North American magazine Sherman’s Travel named the Colchagua Valley as the second best overlooked wine destinations on earth. Following Alsace in France, Colchagua is singled out for producing “lush, plus-red wines that are broad-shouldered but not too tannic to drink when young.” Just 93 miles (150 km) south of Santiago, the Colchagua Valley, like many of Chile’s most productive wine regions, specializes in full-bodied red varietals like Cabernet, Carmenere and Syrah.
“The whole country, in particular this part of the larger Rapel Valley, has made huge strides in developing the super-premium category over the last decade.” In that time, Chile’s international reputation has experienced a sea change. Known before for producing cheap, easy-drinking table wines, Chile has come out from the shadow of Argentina to be recognized as one of the new world’s best wine regions, particularly within the climactically and geographically diverse Central Valleys.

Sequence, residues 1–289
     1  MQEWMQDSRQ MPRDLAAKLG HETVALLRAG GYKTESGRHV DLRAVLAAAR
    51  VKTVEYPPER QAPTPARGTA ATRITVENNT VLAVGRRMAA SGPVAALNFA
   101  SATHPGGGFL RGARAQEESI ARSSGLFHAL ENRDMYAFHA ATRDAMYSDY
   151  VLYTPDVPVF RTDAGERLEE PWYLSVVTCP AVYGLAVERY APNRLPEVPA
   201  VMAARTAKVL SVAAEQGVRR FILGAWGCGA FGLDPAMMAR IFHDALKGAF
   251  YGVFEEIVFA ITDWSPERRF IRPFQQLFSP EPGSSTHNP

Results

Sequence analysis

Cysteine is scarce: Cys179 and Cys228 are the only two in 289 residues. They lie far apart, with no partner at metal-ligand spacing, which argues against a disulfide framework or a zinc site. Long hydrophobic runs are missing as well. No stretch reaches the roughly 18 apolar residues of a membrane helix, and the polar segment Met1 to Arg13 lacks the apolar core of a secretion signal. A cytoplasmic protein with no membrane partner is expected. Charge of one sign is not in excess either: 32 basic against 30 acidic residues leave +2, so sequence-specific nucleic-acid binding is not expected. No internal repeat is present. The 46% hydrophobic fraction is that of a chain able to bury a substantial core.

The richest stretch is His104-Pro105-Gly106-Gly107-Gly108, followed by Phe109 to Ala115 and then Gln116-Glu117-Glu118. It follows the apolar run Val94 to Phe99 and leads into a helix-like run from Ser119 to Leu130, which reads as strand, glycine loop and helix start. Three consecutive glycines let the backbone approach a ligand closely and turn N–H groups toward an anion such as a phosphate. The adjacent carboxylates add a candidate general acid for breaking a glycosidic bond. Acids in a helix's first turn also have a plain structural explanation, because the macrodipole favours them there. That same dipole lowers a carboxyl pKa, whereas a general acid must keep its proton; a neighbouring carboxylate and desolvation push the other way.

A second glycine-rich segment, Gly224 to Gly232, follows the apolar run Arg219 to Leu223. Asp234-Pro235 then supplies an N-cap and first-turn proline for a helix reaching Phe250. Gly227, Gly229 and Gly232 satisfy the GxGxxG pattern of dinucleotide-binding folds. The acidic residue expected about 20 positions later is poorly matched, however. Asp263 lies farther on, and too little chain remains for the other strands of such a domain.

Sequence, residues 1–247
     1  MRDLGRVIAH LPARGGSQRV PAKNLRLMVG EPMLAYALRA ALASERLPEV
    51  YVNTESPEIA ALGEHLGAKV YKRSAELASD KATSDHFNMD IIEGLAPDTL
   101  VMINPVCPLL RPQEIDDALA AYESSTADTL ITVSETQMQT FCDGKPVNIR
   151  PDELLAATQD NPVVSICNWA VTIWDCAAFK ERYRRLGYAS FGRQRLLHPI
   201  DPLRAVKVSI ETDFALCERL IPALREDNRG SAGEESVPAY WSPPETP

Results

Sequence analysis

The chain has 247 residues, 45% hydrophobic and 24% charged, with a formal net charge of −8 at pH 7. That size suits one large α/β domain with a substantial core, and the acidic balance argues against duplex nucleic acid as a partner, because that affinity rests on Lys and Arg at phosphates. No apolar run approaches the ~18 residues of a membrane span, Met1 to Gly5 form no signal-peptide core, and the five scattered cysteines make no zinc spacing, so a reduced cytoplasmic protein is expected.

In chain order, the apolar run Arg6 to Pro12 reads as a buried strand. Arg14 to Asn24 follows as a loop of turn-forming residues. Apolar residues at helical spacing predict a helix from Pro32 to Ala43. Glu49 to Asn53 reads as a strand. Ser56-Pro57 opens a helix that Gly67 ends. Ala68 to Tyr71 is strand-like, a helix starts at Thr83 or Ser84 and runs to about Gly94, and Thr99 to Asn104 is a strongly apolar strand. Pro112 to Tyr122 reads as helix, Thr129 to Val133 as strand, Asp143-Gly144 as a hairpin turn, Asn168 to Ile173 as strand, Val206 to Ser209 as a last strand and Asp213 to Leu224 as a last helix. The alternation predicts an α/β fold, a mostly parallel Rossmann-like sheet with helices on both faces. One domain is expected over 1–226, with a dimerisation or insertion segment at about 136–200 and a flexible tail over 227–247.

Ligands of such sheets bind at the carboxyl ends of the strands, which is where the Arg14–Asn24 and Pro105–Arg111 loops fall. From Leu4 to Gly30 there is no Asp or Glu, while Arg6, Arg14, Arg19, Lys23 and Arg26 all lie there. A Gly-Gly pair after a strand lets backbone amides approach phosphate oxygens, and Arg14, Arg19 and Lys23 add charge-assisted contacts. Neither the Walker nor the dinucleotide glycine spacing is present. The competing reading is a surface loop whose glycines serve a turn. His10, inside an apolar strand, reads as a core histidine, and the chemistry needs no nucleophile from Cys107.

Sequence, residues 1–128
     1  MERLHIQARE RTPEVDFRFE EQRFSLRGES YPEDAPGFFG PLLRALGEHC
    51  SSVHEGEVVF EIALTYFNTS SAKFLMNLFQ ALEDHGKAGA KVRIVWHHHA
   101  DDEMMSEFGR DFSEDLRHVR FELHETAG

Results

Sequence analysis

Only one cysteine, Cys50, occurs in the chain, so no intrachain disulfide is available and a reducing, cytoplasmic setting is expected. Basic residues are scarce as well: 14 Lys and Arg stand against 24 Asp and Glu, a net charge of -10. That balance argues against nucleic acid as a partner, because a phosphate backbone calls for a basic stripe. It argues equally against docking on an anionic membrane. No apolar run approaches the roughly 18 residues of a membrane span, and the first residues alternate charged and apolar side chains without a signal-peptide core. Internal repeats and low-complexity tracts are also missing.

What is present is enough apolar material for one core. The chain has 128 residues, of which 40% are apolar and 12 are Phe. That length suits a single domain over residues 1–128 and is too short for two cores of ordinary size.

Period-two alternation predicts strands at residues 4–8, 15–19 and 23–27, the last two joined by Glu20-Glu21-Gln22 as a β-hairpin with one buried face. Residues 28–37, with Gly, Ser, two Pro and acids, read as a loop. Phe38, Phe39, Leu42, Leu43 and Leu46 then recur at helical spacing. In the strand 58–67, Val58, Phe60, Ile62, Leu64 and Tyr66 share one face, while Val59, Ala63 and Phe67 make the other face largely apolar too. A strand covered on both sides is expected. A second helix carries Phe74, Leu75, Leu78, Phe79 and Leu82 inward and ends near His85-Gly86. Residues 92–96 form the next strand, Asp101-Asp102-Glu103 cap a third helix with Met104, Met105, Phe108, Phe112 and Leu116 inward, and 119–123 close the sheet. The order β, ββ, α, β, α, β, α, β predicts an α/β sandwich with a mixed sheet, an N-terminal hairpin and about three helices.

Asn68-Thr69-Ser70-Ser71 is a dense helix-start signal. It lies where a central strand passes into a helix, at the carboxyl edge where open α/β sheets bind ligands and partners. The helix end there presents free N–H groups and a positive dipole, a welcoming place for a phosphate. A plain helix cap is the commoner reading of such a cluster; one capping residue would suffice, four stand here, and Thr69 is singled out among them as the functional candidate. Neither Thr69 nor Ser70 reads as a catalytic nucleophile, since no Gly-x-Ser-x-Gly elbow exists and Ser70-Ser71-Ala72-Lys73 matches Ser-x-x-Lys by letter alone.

The remaining positions on the list were filled in with old and new world regions, including Jerez de la Frontera and the Rias Baixas in Spain, the Piedmont in Italy and the Languedoc in France. The new world regions noted in addition to the Colchagua Valley were the Margaret River, Australia, Mendocino, California, Niagara, Ontario and the Willamette Valley in Oregon.
A visit to the Colchagua Valley makes an ideal weekend trip for travelers in Santiago, with easy access by Chile’s extensive, efficient and comfortable inter-regional buses. The central city of the Colchagua Valley, Santa Cruz, can be reached in roughly three hours from Santiago, and offers a wide variety of accommodations. The Colchagua Valley Wine Route operating within the region includes 17 vineyards and can arrange individual tours of its vineyards with various focuses for wine enthusiasts and beginnings alike.
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